Mother Bruce (Ryan T. Higgins)


Hello, friends! Our book today is Mother Bruce by Ryan T. Higgins, a hilarious tale of a bear, four goslings, and a case of mistaken identity.

Bruce the bear is, simply put, a grouch. He doesn’t like sunny days or cute animals, and he hates most everything. The only thing he enjoys is eggs, and cooking them into fancy recipes he finds online. One day, while attempting such a meal, he goes out for more firewood, returning to discover his eggs destroyed… by the four baby goslings that have hatched from them. Worse yet, the goslings seem to think that Bruce is their mother! He will have to figure out what to do with these pesky babies – being “Mama” Bruce was definitely not on the menu.

This is one of the most fun books in JJ’s library to read, and it never fails to raise a chuckle out of us. Between Bruce’s comically sour disposition, the deadpan humor of the text, and the fantastic illustrations and visual gags in the art, it’s an immensely enjoyable read every time. I especially love the rather unexpected ending which, besides being hilarious, has a heartwarming lesson: family doesn’t always have to be genetic. The length is great, and JJ loves this one so much; we would recommend it to anyone who enjoys a good laugh with just a dash of tenderness. Baby Bookworm approved!

Little Elliot, Big Family (Mike Curato)


Hello, friends! Today’s book is Little Elliot, Big Family by Mike Curato, a story about the family we have and the family we make.

The second book in the Little Elliot series, the story opens with Elliot (a small, spotted elephant who lives in NYC) and his best friend and roommate Mouse waking to a lovely winter day. Mouse is in a rush; his family reunion is today, and he’s looking forward to seeing his two hundred-odd family members. Elliot sees him off, but immediately feels a bit lonely once his pal is gone. Going for a walk around the city doesn’t help much: everywhere he goes, he sees families spending time together. He even goes to see a movie, but is left in tears at the sight of an elephant family on the screen. Venturing back out into the snow, he is stopped by Mouse, who has missed him as well. Mouse invites Elliot to his family reunion, where everyone has a lovely time. And when the time comes to take the family portrait, the many mice find that there is plenty of room for a little elephant to squeeze in. After all, Elliot is family.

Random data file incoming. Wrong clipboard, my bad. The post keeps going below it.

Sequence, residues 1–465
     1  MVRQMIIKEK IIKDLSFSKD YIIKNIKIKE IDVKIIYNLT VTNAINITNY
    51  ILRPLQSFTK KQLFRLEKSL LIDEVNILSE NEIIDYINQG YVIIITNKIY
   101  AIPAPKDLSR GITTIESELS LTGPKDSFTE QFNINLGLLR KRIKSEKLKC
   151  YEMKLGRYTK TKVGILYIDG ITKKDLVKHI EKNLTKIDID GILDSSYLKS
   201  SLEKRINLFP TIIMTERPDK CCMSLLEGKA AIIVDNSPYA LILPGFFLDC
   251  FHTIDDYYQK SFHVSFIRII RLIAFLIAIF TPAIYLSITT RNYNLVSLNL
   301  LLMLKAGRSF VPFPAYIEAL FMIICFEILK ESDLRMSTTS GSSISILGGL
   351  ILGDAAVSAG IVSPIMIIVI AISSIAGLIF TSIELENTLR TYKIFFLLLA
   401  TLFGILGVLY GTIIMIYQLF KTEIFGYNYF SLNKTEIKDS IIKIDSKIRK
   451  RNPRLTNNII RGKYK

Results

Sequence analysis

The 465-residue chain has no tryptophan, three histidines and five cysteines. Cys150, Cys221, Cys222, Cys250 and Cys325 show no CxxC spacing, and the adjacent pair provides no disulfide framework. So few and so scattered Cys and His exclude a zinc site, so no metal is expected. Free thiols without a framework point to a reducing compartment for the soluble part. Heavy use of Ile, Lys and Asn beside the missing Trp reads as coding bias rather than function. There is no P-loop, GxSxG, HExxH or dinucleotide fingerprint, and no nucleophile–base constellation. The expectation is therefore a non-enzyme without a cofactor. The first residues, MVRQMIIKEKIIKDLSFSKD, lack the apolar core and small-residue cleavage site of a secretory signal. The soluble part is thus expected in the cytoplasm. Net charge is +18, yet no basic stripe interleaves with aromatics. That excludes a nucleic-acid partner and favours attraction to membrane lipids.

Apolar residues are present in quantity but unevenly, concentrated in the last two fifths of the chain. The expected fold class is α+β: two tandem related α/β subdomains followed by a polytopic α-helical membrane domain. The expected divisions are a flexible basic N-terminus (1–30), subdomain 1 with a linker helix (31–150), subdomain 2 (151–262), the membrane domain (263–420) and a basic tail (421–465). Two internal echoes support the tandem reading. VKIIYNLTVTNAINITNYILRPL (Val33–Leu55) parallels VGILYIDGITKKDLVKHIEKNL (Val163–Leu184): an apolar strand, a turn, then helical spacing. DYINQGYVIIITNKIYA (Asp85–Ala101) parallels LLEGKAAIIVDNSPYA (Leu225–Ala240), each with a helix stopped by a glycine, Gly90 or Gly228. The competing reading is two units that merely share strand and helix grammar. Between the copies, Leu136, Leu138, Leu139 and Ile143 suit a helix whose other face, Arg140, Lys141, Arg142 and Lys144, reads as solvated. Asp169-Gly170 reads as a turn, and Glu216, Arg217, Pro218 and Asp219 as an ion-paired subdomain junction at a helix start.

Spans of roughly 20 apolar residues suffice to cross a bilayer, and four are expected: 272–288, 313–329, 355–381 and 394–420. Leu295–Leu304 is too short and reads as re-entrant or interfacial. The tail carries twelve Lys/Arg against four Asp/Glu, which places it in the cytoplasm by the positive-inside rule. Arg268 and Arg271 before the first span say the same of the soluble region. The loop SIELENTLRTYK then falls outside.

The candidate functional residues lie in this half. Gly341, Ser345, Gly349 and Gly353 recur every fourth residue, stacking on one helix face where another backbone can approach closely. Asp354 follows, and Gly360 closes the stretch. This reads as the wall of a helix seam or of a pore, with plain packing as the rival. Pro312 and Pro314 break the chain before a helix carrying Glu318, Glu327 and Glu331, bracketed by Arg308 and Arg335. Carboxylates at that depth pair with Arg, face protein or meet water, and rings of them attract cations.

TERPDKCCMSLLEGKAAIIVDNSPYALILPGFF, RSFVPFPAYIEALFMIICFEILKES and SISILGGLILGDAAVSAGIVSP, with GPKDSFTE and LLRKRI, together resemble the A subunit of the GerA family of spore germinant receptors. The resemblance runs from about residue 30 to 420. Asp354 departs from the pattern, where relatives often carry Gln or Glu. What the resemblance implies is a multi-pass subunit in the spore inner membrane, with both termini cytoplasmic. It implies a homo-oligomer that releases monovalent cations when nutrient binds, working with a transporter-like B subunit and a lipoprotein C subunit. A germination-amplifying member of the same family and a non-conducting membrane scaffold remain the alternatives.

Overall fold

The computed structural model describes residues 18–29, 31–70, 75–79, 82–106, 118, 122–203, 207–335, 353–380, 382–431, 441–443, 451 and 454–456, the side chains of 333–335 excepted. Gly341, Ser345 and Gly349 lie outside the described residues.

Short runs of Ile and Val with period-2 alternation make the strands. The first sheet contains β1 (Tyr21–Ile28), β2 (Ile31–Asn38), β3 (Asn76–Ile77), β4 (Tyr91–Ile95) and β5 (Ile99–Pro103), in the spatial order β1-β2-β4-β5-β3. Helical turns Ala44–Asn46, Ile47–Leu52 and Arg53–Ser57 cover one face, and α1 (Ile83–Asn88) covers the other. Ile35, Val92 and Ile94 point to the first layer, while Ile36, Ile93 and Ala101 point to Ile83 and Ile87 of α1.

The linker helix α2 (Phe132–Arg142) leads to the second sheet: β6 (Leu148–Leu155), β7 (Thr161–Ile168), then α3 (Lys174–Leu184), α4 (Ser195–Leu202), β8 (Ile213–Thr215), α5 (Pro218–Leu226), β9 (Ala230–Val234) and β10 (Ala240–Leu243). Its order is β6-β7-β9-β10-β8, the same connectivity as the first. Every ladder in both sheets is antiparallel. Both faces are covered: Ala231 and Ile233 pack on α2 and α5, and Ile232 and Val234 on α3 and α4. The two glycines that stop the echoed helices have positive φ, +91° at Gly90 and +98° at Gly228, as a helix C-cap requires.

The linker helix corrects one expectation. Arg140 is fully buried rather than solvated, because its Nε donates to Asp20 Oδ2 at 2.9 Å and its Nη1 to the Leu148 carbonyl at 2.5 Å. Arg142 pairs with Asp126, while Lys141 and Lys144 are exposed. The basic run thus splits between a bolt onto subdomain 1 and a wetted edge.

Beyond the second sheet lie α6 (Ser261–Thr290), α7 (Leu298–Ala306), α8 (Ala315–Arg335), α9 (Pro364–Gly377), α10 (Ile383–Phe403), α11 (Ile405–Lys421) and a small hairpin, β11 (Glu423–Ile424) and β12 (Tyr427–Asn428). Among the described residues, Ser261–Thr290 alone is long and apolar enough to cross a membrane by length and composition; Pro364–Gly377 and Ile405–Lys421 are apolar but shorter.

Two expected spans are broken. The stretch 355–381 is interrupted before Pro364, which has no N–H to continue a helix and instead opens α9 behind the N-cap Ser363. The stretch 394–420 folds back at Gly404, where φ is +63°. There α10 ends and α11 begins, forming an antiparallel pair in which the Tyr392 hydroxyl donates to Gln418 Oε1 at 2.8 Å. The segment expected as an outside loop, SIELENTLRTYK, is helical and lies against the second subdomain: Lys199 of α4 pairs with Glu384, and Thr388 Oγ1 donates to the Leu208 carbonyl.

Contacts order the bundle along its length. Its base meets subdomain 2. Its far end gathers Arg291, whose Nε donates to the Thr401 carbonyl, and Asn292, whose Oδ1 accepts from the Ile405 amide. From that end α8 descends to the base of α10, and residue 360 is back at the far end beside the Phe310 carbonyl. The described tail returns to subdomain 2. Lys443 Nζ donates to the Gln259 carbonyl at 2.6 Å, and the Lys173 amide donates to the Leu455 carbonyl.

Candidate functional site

We have loved the Elliot books so far, which are sweet yet touching, and have a lovely, gentle innocence to the story and art. Elliot’s loneliness is so palpable through the text and illustrations, and readers would be hard-pressed to not sympathize with the sensitive little elephant. I also love that this is a book about found family, which is great for children whose families are not strictly biological. This is a story that children of blended families, adoption, or foster families might relate to, and that’s wonderful. The length is perfect, and JJ loved the “effent,” so this one is definitely Baby Bookworm approved!

The Littlest Family’s Big Day (Emily Winfield Martin)